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Fish Still Not a Healthy Choice

By Hope Ferdowsian, M.D.

This opinion piece was published on October 24, 2006, in The Providence Journal.

IT'S A WHOPPER of a fish story. And, unfortunately, some consumers are swallowing it -- hook, line, and sinker. For years the fishing industry has worked overtime to persuade Americans to ignore well-founded concerns about mercury and other pollutants in fish.

Now the industry is hailing a new report commissioned by the National Oceanic and Atmospheric Administration as more evidence that fish is a healthy food. But as a physician and a nutritionist, we are deeply skeptical of the industry's spin campaign. Heart disease can be warded off by wise food selections, but fish is not an optimal choice. High levels of methyl mercury, organochlorines, polychlorinated biphenyls (PCBs), and other environmental toxins accumulate in fish.

These toxins are known to affect nervous-system development, the immune system, heart health, bone integrity, and pregnancy outcomes.

Even those who endorse fish consumption readily admit that contamination is a pervasive problem. The NOAA-commissioned report, for example, contains a complicated flowchart noting that "contaminants in seafood vary according to local conditions."

In truth, fish consumption is already Americans' primary source of exposure to mercury, a potent neurotoxin that can harm developing fetuses. Some of the most polluted species, such as albacore tuna, are also among the most popular with consumers.

The risks are especially acute for certain populations. A new study links fish consumption among pregnant women to an increased risk of premature birth. The Pregnancy Outcomes and Community Health study, conducted by researchers at Harvard and Michigan State Universities, showed that mercury levels in maternal hair were higher when fish consumption was increased.

Women who delivered preterm were three times as likely to have had mercury levels in their hair at or above the 90th percentile, compared with those who delivered at term.

Proponents defend fish consumption as a boon to cardiovascular health. That's because some species contain omega-3 fatty acids, which may help guard against heart disease. But fish are also surprisingly high in cholesterol and artery-clogging saturated fat, which accounts for 15 to 30 percent of fish fat. Chinook salmon, for example, derives 55 percent of its calories from fat, and some species are higher in cholesterol than steak. Only part of the fat in fish is omega-3; much of the remaining fat is saturated.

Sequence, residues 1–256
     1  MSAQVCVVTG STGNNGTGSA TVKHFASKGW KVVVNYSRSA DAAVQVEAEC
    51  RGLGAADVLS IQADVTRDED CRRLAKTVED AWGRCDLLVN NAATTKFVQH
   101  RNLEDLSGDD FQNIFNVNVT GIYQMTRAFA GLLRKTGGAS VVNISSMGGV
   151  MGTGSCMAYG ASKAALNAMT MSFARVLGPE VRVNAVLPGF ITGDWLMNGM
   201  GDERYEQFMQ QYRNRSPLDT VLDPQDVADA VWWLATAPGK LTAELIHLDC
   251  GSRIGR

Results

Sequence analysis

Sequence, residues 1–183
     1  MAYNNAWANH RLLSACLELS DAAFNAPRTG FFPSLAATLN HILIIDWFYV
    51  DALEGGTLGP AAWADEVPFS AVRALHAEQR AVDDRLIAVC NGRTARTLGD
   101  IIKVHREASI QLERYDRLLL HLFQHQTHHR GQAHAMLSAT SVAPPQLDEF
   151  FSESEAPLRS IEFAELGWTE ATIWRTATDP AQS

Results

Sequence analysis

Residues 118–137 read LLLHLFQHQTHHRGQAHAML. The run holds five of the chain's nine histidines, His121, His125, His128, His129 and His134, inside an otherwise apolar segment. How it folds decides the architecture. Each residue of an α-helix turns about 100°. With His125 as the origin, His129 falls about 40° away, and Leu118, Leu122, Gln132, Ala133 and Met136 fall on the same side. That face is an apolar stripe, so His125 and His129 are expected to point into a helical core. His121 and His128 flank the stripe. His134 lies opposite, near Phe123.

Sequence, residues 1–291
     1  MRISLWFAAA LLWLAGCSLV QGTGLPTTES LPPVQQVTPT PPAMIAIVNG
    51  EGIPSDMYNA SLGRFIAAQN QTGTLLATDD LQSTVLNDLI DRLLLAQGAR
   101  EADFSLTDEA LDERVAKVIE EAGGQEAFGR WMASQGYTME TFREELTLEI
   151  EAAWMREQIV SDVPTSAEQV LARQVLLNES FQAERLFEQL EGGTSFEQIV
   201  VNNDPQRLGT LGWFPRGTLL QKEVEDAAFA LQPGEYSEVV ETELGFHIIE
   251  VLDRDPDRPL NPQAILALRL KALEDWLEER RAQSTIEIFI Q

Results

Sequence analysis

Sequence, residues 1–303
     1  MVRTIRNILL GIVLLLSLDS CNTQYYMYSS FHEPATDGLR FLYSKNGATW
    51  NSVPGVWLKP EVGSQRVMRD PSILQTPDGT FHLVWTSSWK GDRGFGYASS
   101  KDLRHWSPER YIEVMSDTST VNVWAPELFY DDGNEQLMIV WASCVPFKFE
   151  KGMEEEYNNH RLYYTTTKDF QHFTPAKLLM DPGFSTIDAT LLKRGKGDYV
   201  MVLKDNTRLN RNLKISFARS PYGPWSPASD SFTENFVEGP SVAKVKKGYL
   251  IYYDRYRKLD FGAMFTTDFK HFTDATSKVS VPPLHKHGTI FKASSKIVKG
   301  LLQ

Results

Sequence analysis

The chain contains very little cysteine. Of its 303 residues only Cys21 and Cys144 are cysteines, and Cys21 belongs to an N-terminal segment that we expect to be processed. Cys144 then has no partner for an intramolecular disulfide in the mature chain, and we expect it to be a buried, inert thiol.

That raises an important question: Why not avoid fish and obtain omega-3 fats from walnuts or other healthy plant sources, which have no cholesterol or methyl mercury? In fact, a new study in the American Journal of Cardiology shows that adding walnuts to a high-fat meal reduces negative changes in arteries. Walnuts increased the elasticity and flexibility of the arteries by 24 percent for those with high cholesterol.

It would also be prudent to consider that there may be no significant benefit to consuming a diet high in omega-3s. A recent review in the British Medical Journal found no evidence to support the assertion that eating oily fish improves heart health. In fact, the review found that consumption of omega-3 fats does not have a clear effect on heart health or survival.

But there is a well-supported way to guard against heart disease: Avoid animal products. A 2003 study in the Journal of the American Medical Association showed that vegetarian diets lower cholesterol levels almost as powerfully as cholesterol-lowering drugs. People who consume plant-based diets tend to be slimmer than meat-eaters, and they experience lower rates of heart disease, diabetes, high blood pressure, and other life-threatening conditions linked to overweight and obesity.

It's no surprise that the fishing industry wants to sell Americans more fish. But savvy consumers will think twice before taking the bait.

Hope Ferdowsian, M.D., is a public-health specialist with the Physicians Committee for Responsible Medicine. Susan Levin is a PCRM nutritionist.



Hope Ferdowsian, M.D.

Hope Ferdowsian, M.D.


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